• You’re waiting to go back to a course having taken agreed time out from that course due to an illness or caring responsibility that has now ended
  • You’re aged 60 or older.

If you qualify in any of the above, you do not have to pay back any student loans unless you leave the course early or if you have been paid too much by error.

Saving tips

Knowing when your due date for paying off your complete student loan is the first step in making the necessary changes in your repayment plan. This can help you to budget each month how much extra you can pay monthly to move that end date closer. For example, the average graduate in the UK from a three-year degree carries more than £50,000 of debt. To pay your debt off in 25 years you will need to pay £166.67 a month. To bring the end date closer to maybe 20 years instead, can you make the necessary changes to pay £208.34 each month? This small change of 5 years will make a huge difference on the interest is added on your debt.

This can be tricky to do. Here are some tips on saving to get rid of the burden that is a student loan:

Set a budget. Knowing how much you must pay each month to keep up with the debt can help you to cut down those unimportant expenses. Tally up your essential payments including your student loan can help you see how much you have left of your monthly wage and whether you can put some money away or make an extra payment towards the debt.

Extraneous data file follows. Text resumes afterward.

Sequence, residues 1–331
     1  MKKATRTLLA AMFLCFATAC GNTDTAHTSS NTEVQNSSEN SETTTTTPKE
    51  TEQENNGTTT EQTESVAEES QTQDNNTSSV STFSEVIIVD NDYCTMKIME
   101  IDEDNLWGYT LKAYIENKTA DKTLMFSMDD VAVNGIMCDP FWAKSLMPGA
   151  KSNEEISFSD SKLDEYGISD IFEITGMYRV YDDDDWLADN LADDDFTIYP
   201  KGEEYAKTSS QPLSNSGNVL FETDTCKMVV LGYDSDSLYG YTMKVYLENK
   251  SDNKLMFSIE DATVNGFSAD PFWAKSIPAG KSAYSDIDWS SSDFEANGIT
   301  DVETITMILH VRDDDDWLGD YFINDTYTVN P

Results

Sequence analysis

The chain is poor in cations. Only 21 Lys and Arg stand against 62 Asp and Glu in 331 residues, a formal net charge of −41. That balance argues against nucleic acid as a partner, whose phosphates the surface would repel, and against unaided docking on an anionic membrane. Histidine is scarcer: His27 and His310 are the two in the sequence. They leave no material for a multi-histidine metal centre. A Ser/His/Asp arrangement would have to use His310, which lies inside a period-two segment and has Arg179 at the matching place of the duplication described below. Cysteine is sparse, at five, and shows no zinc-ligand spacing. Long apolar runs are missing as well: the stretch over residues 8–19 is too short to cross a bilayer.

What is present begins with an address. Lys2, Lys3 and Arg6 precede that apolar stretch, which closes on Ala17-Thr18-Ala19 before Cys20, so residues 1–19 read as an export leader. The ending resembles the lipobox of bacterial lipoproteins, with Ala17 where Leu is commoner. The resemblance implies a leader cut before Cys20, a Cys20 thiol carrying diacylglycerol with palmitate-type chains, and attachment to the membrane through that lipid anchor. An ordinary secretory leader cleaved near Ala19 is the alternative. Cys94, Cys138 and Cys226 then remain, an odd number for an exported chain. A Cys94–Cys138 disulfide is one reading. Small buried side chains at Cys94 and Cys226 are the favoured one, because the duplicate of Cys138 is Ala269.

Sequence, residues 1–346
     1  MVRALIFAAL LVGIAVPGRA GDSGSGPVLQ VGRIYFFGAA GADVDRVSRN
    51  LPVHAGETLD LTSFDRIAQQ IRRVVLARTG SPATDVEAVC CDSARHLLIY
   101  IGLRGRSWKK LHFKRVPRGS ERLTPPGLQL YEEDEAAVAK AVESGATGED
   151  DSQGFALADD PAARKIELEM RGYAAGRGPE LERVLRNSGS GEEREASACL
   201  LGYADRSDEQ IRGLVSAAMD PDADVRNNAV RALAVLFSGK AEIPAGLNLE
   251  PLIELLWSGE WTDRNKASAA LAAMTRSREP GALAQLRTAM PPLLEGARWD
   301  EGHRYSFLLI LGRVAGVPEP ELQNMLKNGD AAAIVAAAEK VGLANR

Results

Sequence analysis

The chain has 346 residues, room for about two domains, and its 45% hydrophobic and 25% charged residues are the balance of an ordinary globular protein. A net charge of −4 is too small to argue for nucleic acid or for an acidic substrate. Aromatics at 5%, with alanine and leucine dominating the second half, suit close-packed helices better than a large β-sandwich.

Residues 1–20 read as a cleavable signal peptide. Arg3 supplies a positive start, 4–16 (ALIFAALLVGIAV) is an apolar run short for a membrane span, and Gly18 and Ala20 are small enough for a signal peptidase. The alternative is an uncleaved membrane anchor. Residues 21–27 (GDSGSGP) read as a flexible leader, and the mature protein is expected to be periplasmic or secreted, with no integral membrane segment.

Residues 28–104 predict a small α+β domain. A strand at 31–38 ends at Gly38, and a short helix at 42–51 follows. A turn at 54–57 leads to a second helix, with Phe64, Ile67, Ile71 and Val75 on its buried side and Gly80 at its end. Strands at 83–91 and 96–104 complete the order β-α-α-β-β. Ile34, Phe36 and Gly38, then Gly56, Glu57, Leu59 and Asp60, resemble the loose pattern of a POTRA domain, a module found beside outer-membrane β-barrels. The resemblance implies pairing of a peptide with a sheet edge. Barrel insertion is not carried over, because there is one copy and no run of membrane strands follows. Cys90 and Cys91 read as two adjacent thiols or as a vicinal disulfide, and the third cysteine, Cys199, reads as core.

Pay larger bills first. Getting your larger bills paid and out of the way can help you to budget more realistically. This can give you a clearer idea of your monthly savings.

Take out cash or use prepaid cars. Taking out cash each week for the week ahead makes it easier to keep up with how much you are spending. Tapping a card is a lot easier but handing over cash makes you think more wisely about the things you are buying and if they are necessary purchases.

The 50/30/20 rule. Following this guide is a really easy way of budgeting more effectively. Here is how it works. 50% of your monthly wage should be spent on essentials. 30% is to be go onto your ‘desirables’ which is any other monthly expenses that don’t come around often such as for social, or special occasions. This is also for treating yourself, everyone deserves a treat. 20% of you monthly wage should be put straight into your savings. Even if you cannot put away 20% each month, a setting aside what you can means you will build up saving.

How building a financial plan can help

Making a financial plan involves looking at your finances as part of the bigger picture of your life, including your goals for the future. Your financial plan must include every expense including your taxes, insurance and pension to give you the clearest view on your financial situation. A financial plan can help you: Prioritize your goals, save money, focus on the bigger picture, organize your finances, and to worry less about money. To create the best financial plan that fits you without the hassle of doing it yourself is when having an adviser works best. They can look over your whole financial standing and offer the best advise that fits you personally on how to save, balance and payback those loans.